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Wednesday, 21 April 2010

Brain Training Doesn't Work. Or - Does It?

"Six weeks of computer brain training has little benefit beyond boosting performance on the specific tasks included in the training." That's according to an online study involving more than 11,000 participants conducted as part of the BBC's 'Bang Goes The Theory' science programme.

Adrian Owen of the MRC Cognition and Brain Sciences Unit and his colleagues first measured participants' baseline performance on a range of freely available tests on such measures as reasoning, verbal short-term memory, spatial working memory and paired-associates learning (a test of longer-term verbal memory).

Accoring to the researchers: "The results provided no evidence for any generalised improvements in cognitive function following brain training in a large sample of healthy adults".

The new findings are just the latest to cast doubt on the value of commercial brain training products. A 2008 investigation by the consumer charity Which? concluded that 'none of the claims [of commercial brain training products] are supported by peer-reviewed research published in a recognised scientific journal and involving the specific product'.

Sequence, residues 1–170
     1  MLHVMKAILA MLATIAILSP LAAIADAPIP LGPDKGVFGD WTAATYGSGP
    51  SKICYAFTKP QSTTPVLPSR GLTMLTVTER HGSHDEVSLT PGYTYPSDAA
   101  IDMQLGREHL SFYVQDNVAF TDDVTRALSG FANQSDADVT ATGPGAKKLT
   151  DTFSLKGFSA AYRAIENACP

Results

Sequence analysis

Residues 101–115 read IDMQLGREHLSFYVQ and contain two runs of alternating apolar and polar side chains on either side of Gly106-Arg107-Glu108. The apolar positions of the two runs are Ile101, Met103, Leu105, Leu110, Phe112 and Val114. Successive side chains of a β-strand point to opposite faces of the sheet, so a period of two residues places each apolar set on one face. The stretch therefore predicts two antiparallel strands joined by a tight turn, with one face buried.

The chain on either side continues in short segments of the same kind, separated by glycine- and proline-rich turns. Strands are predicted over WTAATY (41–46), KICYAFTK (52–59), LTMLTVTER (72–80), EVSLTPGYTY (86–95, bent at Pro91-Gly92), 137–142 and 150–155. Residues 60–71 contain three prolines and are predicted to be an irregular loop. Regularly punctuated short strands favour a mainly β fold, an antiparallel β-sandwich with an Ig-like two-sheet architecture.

The Which? investigators recommended a healthy diet, physical exercise and challenging mental activities, including learning a new instrument or language, or completing crosswords, as the most effective ways to maintain a healthy mind.

What is your take on this story?
Do you thnk that results with children would be entiely different?
Do you think there is an "age limit" on our brain's ability to form new connections as a result of "btrin training"?
Is it possible that some people still benefit from these excersises even though the evidence suggest otherwise?
Does it still make sense to suggest brain training routines to older people in order to "keep their brains active?"
Please share your opinion with us.

The results of this study will be shared and discussed on Bang Goes The Theory on BBC One at 9pm on 21 April and on the BBC's Lab UK website.

A.M. Owen, A. Hampshire, J.A. Grahn, R. Stenton, S. Dajani, A.S. Burns, R.J. Howard, & C.G. Gallard (2010). Putting brain training to the test. Nature [In Press].

Further reading:

1 comment:

  1. This is Hannah Bevills, I am an editor with We are a medical publication whose focus is geared towards promoting awareness on hospitals, including information, news, and reviews on them. Given the relevance of what you are offering from your site and what our mission is, I feel we may be able to collaborate in some way or another, I look forward to your response regarding the matter. Thanks!

    Hannah Bevills


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